The NCAA has announced that Penn State University will escape suspension from play, but will receive imposed sanctions.
The National Collegiate Athletic Association on Monday banned Penn State University from post-season bowl games for four years, fined the university $60 million and imposed other sanctions in an unprecedented punishment for its inaction when officials were alerted to child sex abuse by former assistant coach Jerry Sandusky.
At a news conference in Indianapolis, NCAA Mark Emmert said Penn State football scholarships would be reduced to 15 from 25 and team wins would be vacated from 1998-2011.
The governing body for U.S. college sports opted not to levy the so-called "death penalty" that would eliminate an entire season or more for the scandal-scarred football program.
In June, Sandusky was convicted of sexually abusing 10 boys over 15 years. This month, former FBI director Louis Freeh released a report that criticized longtime head football coach Joe Paterno for his role in protecting Sandusky, and the school's image, at the expense of Sandusky's young victims.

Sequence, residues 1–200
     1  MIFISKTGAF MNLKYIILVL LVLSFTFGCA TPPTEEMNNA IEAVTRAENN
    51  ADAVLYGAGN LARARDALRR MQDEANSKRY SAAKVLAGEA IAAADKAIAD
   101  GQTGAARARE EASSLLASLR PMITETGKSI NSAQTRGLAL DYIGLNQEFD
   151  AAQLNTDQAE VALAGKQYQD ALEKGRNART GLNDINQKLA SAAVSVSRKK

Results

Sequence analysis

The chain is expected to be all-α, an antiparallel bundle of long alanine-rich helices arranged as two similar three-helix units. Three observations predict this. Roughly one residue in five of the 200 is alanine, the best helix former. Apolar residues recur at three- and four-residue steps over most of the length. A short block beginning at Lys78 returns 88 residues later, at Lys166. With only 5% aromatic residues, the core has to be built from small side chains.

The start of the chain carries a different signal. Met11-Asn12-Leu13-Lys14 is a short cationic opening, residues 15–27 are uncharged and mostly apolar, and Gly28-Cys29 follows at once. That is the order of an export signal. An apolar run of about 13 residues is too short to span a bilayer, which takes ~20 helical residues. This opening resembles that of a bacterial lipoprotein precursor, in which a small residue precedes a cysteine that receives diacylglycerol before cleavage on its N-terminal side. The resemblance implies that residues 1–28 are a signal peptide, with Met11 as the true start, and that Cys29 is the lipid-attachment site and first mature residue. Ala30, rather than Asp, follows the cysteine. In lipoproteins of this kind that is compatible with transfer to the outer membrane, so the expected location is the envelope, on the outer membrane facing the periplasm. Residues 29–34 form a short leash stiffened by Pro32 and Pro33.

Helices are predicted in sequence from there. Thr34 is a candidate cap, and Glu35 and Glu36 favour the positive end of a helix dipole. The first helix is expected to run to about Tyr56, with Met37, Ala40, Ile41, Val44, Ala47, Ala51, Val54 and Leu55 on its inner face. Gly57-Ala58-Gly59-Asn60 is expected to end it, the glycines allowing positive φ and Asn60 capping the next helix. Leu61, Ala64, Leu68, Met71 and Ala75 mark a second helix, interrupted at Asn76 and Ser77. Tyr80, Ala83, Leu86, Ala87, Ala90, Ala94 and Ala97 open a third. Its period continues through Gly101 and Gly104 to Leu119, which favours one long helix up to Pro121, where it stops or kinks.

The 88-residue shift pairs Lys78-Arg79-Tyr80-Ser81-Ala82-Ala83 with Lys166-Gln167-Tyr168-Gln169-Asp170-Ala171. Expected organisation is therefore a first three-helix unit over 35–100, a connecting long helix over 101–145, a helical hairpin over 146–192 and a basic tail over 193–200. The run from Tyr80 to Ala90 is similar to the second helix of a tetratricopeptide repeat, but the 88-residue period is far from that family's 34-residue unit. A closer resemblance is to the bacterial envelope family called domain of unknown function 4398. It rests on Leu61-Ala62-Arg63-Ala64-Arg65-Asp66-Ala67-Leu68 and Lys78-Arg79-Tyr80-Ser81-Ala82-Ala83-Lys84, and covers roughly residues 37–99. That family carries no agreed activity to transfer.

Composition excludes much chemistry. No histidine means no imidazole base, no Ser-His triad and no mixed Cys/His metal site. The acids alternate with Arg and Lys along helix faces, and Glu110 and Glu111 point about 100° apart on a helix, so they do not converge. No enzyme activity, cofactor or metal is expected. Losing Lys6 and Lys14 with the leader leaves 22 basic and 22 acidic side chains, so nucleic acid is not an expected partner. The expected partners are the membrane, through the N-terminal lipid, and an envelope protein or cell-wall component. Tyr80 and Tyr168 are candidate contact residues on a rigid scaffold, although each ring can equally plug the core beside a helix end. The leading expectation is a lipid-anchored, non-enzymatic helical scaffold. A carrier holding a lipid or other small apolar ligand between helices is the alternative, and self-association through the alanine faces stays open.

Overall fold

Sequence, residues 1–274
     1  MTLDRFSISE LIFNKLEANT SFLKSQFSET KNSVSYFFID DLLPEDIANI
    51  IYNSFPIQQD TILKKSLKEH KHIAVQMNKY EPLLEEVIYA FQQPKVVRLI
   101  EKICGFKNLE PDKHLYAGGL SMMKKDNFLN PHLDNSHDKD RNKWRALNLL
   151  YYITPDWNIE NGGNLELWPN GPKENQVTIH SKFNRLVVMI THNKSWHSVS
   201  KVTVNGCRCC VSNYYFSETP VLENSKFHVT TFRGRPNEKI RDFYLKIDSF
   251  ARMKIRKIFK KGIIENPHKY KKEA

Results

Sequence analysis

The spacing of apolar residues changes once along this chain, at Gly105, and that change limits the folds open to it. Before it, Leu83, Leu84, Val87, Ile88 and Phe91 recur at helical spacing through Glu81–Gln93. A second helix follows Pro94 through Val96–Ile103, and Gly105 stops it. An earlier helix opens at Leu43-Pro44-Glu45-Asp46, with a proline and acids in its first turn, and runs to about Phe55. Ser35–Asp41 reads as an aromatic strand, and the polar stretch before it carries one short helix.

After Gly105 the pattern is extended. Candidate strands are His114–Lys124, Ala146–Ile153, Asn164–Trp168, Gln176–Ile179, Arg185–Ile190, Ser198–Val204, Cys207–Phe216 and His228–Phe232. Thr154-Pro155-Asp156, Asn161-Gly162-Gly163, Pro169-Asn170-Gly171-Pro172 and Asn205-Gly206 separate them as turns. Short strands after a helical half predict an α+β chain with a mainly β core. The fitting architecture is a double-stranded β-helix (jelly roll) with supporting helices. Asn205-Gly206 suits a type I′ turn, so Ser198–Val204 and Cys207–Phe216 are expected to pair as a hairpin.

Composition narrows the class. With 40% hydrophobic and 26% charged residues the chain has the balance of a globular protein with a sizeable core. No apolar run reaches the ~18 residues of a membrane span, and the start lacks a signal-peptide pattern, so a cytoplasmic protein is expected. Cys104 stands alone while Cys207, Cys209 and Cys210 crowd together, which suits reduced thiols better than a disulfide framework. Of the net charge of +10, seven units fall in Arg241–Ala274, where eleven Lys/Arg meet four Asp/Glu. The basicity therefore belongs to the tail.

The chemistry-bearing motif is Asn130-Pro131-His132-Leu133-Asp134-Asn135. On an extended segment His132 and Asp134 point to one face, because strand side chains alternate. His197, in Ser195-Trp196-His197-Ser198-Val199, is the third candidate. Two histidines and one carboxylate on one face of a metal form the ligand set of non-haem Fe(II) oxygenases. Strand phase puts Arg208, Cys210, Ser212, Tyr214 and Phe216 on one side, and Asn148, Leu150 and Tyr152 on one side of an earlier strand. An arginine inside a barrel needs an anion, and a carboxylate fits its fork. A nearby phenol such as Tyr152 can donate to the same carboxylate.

We also learned over the weekend that the Joe Paterno Statue was finally removed and taken to an unidentified location. Interestingly, Paterno's family felt that the statue didn't need to be removed, for it wouldn't bring changes or erase the past for the victims and their families.
I personally think that the statue being removed was a must, and an important first step to help the victims and their families begin the process of closure.
With all that has unfolded and the NCAA's decision of punishment this morning, what will this mean for the future of the university, their athletic programs (all not just football) and their impact on the community?
1. Did the NCAA punishment fit the crime? Too Lenient, Just Enough, or Excessive?
2. What does this mean for the university's ability to award athletic and/or athletics monetary scholarships?